Goodbye Christopher Robin, Simon Curtis’s biopic of Winnie-the-Pooh author A.A. Milne and his only child, Christopher Robin, is stuffed with weighty topics: war and PTSD, the writing life, the crippling emotional reserve of the British. But the movie’s focus on the caustic effects of celebrity make this narrative set in the first half of the 20th century particularly relevant for the media-frenzied 21st—especially in the wake of nonstop news stories about camera-mad parents and their needy offspring. Milne and his son were both private people, but the father was better equipped for the spotlight.
In 1925, still shell-shocked from combat at the Somme in World War I, and despising the superficiality of London society, Milne (Domhnall Gleeson) moves to a farm in Sussex with his wife, Daphne (Margot Robbie), and their preschool son, nicknamed Billy Moon (Will Tilston). Already acclaimed as a humorist, playwright, poet, and novelist, Milne finds the peace he’s been seeking, but he’s slow to resume writing. Daphne, not the most doting of mothers, returns to the gaiety of London, leaving her husband and child to bond; their time together inspires Milne’s hugely successful foray into children’s fiction.
“I suppose that every one of us hopes secretly for immortality,” Milne wrote in 1926, the same year Winnie-the-Pooh unexpectedly fulfilled his wish. In Goodbye Christopher Robin the press and retailers oblige fans by pushing Billy further into the public eye, where his overstuffed schedule denies him time alone with his father and he struggles to distinguish himself from his fictional counterpart. A fabricated sequence in which the family does a New York promotional tour suggests that Milne’s pursuit of publicity was obsessive and supports the sense of the adult Billy (Alex Lawther) that his father ruined his life.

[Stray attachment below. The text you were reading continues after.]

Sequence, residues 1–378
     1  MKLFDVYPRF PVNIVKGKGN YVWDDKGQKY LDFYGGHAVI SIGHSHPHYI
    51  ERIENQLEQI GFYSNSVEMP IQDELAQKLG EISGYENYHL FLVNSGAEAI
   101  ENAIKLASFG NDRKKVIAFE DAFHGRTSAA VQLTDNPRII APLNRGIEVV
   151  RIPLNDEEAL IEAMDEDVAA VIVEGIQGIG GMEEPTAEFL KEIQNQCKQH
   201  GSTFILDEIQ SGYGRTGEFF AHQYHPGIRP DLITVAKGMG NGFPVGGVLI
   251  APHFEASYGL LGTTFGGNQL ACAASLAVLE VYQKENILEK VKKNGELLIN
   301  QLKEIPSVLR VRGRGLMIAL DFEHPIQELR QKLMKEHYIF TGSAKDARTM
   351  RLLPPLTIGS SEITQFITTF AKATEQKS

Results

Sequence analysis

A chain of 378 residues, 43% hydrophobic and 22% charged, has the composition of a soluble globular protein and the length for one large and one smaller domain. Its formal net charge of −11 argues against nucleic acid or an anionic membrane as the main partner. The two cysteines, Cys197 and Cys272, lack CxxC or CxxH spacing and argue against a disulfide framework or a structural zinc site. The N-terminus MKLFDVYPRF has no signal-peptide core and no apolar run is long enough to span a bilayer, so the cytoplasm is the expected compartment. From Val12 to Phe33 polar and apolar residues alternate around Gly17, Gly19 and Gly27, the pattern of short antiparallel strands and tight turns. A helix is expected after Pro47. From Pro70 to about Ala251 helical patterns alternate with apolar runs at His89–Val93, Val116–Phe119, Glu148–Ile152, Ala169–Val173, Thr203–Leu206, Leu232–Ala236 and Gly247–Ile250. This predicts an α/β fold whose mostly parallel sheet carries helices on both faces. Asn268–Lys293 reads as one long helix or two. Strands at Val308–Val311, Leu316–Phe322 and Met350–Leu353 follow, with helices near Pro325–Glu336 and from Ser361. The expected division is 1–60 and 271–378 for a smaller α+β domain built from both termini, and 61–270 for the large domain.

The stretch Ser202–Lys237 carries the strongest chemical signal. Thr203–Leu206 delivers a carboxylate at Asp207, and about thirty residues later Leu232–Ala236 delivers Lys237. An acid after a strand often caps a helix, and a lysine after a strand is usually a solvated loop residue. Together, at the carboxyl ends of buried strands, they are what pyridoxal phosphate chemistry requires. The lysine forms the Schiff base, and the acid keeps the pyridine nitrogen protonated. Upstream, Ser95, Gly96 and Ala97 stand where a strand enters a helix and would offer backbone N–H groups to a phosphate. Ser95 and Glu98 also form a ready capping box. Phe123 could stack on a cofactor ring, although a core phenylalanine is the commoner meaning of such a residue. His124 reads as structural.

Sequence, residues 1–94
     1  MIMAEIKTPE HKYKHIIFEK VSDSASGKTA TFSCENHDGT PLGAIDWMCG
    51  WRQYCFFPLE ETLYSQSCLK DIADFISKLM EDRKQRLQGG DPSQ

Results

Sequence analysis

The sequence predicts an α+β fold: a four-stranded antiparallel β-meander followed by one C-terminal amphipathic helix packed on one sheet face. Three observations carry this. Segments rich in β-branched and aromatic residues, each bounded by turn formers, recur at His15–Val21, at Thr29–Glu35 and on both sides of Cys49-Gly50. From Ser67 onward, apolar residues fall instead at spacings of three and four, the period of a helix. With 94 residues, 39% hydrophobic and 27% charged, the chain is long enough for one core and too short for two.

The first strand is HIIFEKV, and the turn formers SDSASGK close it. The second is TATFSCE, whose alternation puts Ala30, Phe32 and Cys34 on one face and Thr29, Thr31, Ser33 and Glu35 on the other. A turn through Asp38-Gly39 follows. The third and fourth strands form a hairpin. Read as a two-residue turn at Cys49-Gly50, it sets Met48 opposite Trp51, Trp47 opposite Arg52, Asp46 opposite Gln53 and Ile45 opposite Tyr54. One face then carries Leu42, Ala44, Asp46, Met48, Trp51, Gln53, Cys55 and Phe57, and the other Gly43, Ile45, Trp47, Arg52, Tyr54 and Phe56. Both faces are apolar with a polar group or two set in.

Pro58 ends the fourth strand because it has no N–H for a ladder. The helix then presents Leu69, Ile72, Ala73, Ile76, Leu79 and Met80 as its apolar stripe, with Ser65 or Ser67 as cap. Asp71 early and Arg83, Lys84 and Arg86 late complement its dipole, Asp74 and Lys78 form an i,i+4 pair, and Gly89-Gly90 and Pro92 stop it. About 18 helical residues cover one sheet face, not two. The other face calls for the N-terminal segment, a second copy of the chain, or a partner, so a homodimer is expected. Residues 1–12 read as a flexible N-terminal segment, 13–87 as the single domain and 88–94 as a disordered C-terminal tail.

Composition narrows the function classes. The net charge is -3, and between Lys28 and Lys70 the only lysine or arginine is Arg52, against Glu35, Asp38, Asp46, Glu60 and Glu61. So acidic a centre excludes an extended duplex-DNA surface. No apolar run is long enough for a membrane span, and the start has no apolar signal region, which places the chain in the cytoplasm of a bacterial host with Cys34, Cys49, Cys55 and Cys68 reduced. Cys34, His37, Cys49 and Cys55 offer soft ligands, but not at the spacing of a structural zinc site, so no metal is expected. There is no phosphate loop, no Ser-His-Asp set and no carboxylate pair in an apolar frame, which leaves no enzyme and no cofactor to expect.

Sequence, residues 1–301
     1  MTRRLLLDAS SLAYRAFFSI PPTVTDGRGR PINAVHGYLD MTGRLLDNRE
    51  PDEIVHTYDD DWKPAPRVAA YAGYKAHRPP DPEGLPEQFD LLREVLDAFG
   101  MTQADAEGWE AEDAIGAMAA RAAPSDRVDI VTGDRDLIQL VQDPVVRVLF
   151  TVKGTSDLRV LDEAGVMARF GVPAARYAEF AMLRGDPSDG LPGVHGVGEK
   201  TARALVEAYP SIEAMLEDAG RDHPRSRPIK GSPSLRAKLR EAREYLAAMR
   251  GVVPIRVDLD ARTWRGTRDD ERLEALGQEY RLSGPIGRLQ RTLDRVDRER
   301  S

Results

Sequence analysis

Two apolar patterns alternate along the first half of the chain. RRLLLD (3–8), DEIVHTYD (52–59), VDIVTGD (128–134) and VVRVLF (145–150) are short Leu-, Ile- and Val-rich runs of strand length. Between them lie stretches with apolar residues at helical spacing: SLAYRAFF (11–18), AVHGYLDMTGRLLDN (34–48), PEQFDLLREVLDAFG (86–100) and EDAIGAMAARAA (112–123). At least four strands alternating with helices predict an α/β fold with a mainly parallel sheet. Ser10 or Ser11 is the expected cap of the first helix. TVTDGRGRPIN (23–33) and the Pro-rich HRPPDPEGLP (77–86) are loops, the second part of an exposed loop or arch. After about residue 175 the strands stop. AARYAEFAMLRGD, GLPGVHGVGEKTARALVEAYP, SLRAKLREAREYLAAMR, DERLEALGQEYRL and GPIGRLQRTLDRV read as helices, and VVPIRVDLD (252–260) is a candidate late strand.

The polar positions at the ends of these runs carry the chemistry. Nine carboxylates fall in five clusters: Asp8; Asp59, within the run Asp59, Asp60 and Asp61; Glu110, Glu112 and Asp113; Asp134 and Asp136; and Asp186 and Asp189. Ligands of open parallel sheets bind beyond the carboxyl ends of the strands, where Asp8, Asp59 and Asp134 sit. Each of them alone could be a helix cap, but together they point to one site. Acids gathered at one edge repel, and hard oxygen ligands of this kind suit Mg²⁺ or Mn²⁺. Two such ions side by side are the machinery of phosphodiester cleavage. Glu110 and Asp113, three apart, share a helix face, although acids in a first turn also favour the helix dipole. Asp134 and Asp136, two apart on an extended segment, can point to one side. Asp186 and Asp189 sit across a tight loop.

At the film’s end Christopher comes to see Winnie-the-Pooh as a healing force because of the solace the books offered his fellow soldiers in World War II. But in actuality Christopher Milne’s difficulty finding gainful employment after the war marked the beginning of a long estrangement from his parents. As he recalled in the first of his own memoirs, The Enchanted Places, “In pessimistic moments . . . it seemed to me, almost, that my father had got to where he was by climbing on my infant shoulders . . . and had left me with nothing but the empty fame of being his son.” Autobiography helped Christopher come to terms with A.A. Milne and his legacy. But that’s another story, about a much less famous adult, so don’t expect the movie version anytime soon. v